MAX_RUNTIME_SECONDS_TAG
. 4. Review Execution Logs: Look at the execution logs for the job to see if there are any errors or warnings related to the timeout setting. 5. Check for Open Issues: Look for any open issues on the Dagster GitHub repository that might be related to the
MAX_RUNTIME_SECONDS_TAG
not working as expected. 6. Seek Community Help: If you're still unable to resolve the issue, consider reaching out to the Dagster community for help. You can create a discussion or issue on the Dagster GitHub repository or ask for assistance in the Dagster Slack community. If you provide more details about the Dagster version you're using, the configuration of your Dagster instance, and any relevant logs or error messages, I may be able to offer more specific advice.
c

Camilo López

02/13/2024, 9:19 PM
@Scout how to check if run monitoring is activ
s

Scout

02/13/2024, 9:19 PM
To check if run monitoring is active in your Dagster instance, you should look at the configuration of your Dagster deployment. Run monitoring is handled by the run monitoring daemon, which is one of the components of the Dagster system. Here are the steps to verify if run monitoring is enabled: 1. Check the
dagster.yaml
Configuration File
: The configuration for run monitoring is typically specified in the
dagster.yaml
file, which is the configuration file for your Dagster instance. Look for the
run_monitoring
section in this file to see if it is configured. 2. Dagster Daemon Status: The run monitoring daemon is part of the
dagster-daemon
process. You can check the status of the
dagster-daemon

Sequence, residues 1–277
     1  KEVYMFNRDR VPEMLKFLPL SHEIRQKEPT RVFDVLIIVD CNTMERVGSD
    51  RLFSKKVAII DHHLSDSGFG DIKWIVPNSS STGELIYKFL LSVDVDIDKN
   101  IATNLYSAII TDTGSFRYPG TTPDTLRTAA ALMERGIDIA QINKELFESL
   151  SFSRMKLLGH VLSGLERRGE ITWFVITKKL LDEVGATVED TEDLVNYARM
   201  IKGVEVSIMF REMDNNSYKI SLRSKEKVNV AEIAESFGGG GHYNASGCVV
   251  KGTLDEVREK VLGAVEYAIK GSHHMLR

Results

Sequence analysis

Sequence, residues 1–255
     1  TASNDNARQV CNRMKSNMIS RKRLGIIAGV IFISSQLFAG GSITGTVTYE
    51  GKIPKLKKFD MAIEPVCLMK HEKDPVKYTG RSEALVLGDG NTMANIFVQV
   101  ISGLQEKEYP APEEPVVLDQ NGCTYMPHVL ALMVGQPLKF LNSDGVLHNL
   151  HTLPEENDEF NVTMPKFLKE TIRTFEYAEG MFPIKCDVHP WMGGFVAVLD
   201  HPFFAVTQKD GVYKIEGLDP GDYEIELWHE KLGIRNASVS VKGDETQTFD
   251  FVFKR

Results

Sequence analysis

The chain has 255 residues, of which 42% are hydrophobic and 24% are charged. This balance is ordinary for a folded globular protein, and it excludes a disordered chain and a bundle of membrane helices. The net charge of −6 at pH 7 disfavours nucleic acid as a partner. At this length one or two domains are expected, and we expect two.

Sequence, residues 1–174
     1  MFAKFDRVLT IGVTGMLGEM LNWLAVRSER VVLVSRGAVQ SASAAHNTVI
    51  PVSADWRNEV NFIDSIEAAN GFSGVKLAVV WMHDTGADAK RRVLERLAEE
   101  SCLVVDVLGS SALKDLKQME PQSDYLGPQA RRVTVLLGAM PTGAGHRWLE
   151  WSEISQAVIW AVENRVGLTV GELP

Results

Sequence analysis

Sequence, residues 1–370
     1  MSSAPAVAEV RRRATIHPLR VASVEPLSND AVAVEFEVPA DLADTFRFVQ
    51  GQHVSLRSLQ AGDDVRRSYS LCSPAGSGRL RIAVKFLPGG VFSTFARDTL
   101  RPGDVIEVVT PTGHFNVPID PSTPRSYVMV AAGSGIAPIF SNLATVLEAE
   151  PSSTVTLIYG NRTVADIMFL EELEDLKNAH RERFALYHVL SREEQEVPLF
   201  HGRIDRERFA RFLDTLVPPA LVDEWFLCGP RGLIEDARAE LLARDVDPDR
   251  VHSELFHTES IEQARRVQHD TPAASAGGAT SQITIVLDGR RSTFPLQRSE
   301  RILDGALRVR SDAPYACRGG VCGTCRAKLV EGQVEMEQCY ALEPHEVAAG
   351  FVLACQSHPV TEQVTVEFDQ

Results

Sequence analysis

process in the Dagster UI to ensure that it is running. To do this: - In the top navigation, click Deployment. - Click the Daemons tab. - This tab displays information about all the daemons currently configured on your instance. Look for the run monitoring daemon and check if it shows a recent heartbeat. 3. Check the Logs: Review the logs from your
dagster-daemon
process for any errors or messages related to run monitoring. If the daemon is not running or if there are errors, these logs may provide more information. 4. Dagster Instance API: If you have access to the Dagster Python API, you can programmatically check the status of the daemons by using the
DagsterInstance
class. For example:
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python    from dagster import DagsterInstance     instance = DagsterInstance.get()    status = instance.get_daemon_status()     if status.run_monitoring:        print("Run monitoring is active.")    else:        print("Run monitoring is not active.")
If you find that run monitoring is not active, you may need to adjust your Dagster instance configuration to enable it. The documentation provides more information on how to configure run monitoring for your specific deployment environment. If you need further assistance, consider reaching out to the Dagster community or checking the documentation for more detailed instructions.